In March 2014, shortly after taking office, Gov. Terry McAuliffe sat on a stage between the governors of California and Massachusetts at a conference in San Diego as their respective states were recognized as tops in the country for biotechnology.
“Guess who was not even on the list in the top 25? Virginia,” McAuliffe recalled during brief remarks at the Virginia Biotechnology Research Park on Monday morning. “There was steam coming out of my ears … and I vowed that would never happen again.”
On the cusp of a new academic year, McAuliffe continued to stress the importance of biotechnology to Virginia’s economy during his visit to the lab, which houses close to 60 life-science companies, nonprofits, state and federal labs as well as Virginia Commonwealth University research institutes, according to its website.
He was joined by Virginia Secretary of Education Dietra Trent and Virginia Commonwealth University President Michael Rao, who is chairman of the biotechnology lab’s authority board and its innovation council.
Rao touted the biotechnology park as a place that facilitates student innovation.
“So many of our young students who are now graduating … want to start a company, they are entrepreneurs, they’re innovators, they have lots of great ideas,” Rao said. “They do become reality with the help of the biotech park. We see ourselves as an innovation system.”
McAuliffe’s remarks were followed by brief presentations from teams that developed products the biotech lab helped facilitate. The products were a smartphone app that helps people find research studies, a probiotic beverage made of blue-green algae and a band of fabric pregnant women can wear to protect from electromagnetic radiation emitted from cellphones and computers.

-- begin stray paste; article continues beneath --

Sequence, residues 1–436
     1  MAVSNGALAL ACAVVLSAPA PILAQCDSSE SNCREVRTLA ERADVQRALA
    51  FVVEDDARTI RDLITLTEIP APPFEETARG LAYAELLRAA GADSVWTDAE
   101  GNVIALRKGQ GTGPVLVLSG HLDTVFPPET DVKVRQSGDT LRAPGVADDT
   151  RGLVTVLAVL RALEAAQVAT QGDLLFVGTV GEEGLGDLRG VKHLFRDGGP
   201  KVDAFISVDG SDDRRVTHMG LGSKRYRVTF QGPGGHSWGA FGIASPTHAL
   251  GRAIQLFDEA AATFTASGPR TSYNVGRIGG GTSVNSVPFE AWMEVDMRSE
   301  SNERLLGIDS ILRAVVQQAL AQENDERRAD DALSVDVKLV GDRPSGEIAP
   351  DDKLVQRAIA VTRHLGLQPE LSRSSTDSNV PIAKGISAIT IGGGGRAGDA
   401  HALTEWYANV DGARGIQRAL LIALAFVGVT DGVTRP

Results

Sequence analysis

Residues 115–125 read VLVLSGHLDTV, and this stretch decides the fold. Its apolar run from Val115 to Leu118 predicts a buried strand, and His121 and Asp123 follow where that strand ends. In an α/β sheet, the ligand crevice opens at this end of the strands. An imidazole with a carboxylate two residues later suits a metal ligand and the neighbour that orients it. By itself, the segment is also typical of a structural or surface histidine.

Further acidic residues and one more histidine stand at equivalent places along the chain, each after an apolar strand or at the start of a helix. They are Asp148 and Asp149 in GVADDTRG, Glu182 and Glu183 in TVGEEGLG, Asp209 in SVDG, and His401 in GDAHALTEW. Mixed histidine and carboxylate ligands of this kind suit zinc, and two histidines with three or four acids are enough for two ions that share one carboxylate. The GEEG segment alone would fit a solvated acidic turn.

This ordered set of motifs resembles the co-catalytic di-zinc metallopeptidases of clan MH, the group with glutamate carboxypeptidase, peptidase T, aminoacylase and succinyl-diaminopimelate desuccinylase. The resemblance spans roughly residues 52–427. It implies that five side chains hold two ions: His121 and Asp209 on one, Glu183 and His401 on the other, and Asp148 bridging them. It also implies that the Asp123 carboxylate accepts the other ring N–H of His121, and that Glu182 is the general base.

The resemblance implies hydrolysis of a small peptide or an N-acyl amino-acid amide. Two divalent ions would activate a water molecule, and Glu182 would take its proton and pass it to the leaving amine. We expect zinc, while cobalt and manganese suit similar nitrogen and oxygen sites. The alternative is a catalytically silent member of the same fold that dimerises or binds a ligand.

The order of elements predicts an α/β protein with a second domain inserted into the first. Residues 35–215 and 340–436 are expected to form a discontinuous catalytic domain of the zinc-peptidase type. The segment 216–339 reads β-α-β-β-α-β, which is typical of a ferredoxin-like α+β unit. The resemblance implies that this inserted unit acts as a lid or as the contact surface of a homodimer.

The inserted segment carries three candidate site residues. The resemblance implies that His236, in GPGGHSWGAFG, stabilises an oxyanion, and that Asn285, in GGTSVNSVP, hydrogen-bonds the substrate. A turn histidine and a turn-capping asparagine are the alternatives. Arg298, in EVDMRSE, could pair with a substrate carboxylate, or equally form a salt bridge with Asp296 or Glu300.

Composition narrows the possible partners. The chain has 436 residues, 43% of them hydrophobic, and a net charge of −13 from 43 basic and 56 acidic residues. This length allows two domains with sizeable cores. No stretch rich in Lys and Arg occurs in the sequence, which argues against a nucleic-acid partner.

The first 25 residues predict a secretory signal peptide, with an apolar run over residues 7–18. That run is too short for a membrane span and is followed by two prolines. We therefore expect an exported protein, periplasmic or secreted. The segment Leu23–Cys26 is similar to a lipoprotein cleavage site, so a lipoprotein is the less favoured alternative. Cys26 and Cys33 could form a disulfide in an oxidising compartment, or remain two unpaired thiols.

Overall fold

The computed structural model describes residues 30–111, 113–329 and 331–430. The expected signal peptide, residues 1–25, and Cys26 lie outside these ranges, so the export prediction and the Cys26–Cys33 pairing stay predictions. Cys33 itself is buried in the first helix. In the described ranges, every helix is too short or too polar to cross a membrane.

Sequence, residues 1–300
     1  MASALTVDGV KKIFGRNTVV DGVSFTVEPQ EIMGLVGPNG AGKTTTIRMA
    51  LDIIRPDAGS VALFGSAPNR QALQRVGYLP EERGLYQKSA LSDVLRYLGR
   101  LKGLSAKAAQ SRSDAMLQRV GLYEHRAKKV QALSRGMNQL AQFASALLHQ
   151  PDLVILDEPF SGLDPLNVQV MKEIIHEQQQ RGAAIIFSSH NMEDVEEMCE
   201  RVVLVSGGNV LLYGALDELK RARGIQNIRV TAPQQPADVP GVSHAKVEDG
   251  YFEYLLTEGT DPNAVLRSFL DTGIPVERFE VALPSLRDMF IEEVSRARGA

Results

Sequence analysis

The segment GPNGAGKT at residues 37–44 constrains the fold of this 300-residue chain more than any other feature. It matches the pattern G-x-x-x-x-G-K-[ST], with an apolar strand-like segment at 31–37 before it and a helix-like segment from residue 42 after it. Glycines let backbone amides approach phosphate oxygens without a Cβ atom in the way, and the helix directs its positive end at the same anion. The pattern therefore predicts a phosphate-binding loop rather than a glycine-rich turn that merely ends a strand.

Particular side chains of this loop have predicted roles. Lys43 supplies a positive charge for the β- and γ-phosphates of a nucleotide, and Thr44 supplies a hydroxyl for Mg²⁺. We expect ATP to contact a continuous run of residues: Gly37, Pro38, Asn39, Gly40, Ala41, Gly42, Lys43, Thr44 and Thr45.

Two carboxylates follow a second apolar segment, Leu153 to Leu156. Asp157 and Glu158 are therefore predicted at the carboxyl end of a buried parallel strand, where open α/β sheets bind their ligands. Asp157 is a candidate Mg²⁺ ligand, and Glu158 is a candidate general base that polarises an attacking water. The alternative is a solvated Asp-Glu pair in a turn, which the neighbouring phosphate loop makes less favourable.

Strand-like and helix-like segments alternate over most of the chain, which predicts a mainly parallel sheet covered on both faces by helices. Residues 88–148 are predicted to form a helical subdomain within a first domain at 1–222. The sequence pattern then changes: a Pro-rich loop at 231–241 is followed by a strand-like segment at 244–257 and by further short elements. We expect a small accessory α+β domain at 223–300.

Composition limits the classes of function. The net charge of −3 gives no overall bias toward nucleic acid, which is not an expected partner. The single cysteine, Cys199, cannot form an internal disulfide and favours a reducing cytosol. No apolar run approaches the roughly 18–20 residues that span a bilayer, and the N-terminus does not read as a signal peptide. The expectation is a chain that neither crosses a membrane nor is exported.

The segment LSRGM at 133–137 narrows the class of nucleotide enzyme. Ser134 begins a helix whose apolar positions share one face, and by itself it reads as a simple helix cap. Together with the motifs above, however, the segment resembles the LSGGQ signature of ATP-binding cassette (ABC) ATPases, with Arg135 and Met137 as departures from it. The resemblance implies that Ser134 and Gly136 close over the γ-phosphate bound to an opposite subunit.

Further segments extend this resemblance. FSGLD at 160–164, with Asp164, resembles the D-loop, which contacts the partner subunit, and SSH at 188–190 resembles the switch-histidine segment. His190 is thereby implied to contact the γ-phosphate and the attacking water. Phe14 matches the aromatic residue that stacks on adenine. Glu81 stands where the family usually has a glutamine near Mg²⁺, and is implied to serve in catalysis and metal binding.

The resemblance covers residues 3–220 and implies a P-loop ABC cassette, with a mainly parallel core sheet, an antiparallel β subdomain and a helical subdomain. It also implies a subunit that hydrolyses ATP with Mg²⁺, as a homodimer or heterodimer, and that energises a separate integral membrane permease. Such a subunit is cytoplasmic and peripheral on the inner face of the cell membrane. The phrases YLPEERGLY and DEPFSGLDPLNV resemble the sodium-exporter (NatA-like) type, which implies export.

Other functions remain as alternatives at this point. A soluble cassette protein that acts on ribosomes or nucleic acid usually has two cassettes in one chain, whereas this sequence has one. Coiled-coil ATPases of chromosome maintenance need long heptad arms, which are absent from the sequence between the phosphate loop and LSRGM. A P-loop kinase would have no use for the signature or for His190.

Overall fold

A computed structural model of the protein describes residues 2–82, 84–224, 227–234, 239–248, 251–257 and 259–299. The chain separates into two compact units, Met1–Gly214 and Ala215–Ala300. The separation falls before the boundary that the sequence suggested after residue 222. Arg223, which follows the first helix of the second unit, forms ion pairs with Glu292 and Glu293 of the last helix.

Umar Hasni, a Ph.D student in electrical engineering who helped develop the fabric band as part of a startup called Tiny Tech, said the group was connected to mentors through the lab who guided them.
“We were able to meet with quite a lot of industry experts,” he said. “If biotech park wasn’t here, we wouldn’t have that interaction.”
Under McAuliffe’s administration, the state has expanded tax credits for research, and in March, the governor signed a $2.1 billion bond bill that includes money for a new STEM (science, technology, engineering and math) building at VCU as well as a host of other renovations and additions to several academic and research buildings at other colleges and universities.
In June, McAuliffe was named the 2016 Governor of the Year by the Biotechnology Innovation Organization, a Washington-based trade organization for the biotech industry. Jim Greenwood, its president and CEO, said in a news release that McAuliffe is an “exemplary leader” in “enhancing Virginia’s growth as a biotech hub.”
“We’re all in on bio. It isn’t just talk,” McAuliffe said on Monday. “We have given you the resources. It is now incumbent on you to deliver.”